- ensuring organisations have a child and youth risk management strategy in place that covers the 8 mandatory requirements
- checking that organisations have actioned our notifications that certain individuals cannot work with children.
Focus on compliance
We have started our annual industry-specific audit of the blue card status of directors of accredited non-state schools, in partnership with the Non-State Schools Accreditation Board. Phase 1 of this year’s audit has involved checking the status of over 1,100 blue card holders and applicants.
We have reviewed and published our new compliance enforcement strategy, which outlines our key priorities for auditing and monitoring compliance with blue card system requirements in 2021–22. The new document presents information about our approach and processes in a user-friendly and easy to read format.
Education and resources
Queenslanders now recognise that we all have an important role to play in protecting our children.
Our education activities help individuals and organisations foster safer service environments by:
- increasing understanding of who needs a blue card and how to apply
- helping people and organisations meet their blue card obligations
- working with organisations to educate them about their risk management requirements.
Supporting our stakeholders
The Community Information team continues to provide support to stakeholders via phone, email, online and through in-person presentations. Since 1 July 2021, we have:
- received 48,506 calls
- responded to 7,080 emails
- delivered online lunch and learn webinars to 160 stakeholders.
We have created a suite of how-to videos to help stakeholders use our online services.
The videos have had over 3,800 views and answer a range of common questions, including how to:
- register for an online account and use the online applicant portal
- link students and volunteers to an organisation
- renew your blue card on time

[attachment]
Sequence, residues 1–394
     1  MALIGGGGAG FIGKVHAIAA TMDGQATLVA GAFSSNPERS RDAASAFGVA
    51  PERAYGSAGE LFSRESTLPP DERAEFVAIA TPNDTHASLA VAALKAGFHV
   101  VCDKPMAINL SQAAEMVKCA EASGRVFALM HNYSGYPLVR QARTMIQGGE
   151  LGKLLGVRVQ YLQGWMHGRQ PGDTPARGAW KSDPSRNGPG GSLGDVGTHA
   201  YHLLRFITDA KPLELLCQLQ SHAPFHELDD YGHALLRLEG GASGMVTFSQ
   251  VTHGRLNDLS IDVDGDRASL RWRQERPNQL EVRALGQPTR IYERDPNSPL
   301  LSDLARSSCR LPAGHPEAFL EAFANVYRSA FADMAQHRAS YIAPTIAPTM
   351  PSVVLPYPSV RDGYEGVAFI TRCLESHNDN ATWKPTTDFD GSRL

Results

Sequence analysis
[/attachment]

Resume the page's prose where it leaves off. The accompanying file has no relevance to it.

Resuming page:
- transfer from a volunteer card to a paid card.
Aboriginal and Torres Strait Islander community participation
We are committed to supporting the participation of Aboriginal and Torres Strait Islander peoples and communities in the blue card system. We do this through:
- directly helping applicants with the application and assessment process through our dedicated team of professionals, including identified community liaison officers
- conducting remote community visits that give applicants and service providers information and support
- providing education through our monthly yarning circles, newsletter and other resources.
Where a person applying for a blue card has prior criminal history or other concerning information, we may invite them to make a submission to support their eligibility to hold a blue card. These submissions allow applicants to tell their story and address any potential risks of harm to children raised by their prior criminal history.
Historically, where an applicant was not able to engage with the blue card system and did not respond to our requests for submissions, their application would either be withdrawn or a negative notice would be issued.
The support our team gives applicants in discrete communities is producing positive results, which means better outcomes for Aboriginal and Torres Strait Islander peoples, organisations and their communities.
Support for Aboriginal and Torres Strait Islander peoples
The blue card mob is committed to engaging with Aboriginal and Torres Strait Islander applicants, with a specific focus towards applicants living in remote communities. Where possible, we partner with the Indigenous Driver Licensing Unit to enable community members to sort out any identification issues before applying for their blue card.
We have proudly visited Lockhart River and Palm Island in the past quarter. During these visits, we gave 74 community members direct assistance. Unfortunately, visits to Coen and Doomadgee were postponed due to COVID-19 restrictions.
Our work with Aboriginal and Torres Strait Islander applicants has helped participation with the system. Blue cards have been issued to 92% of applicants living in remote communities in the last quarter.
Our online yarning circles have continued throughout the last quarter, providing Aboriginal and Torres Strait Islander community members and stakeholders a culturally appropriate forum to discuss their blue card needs.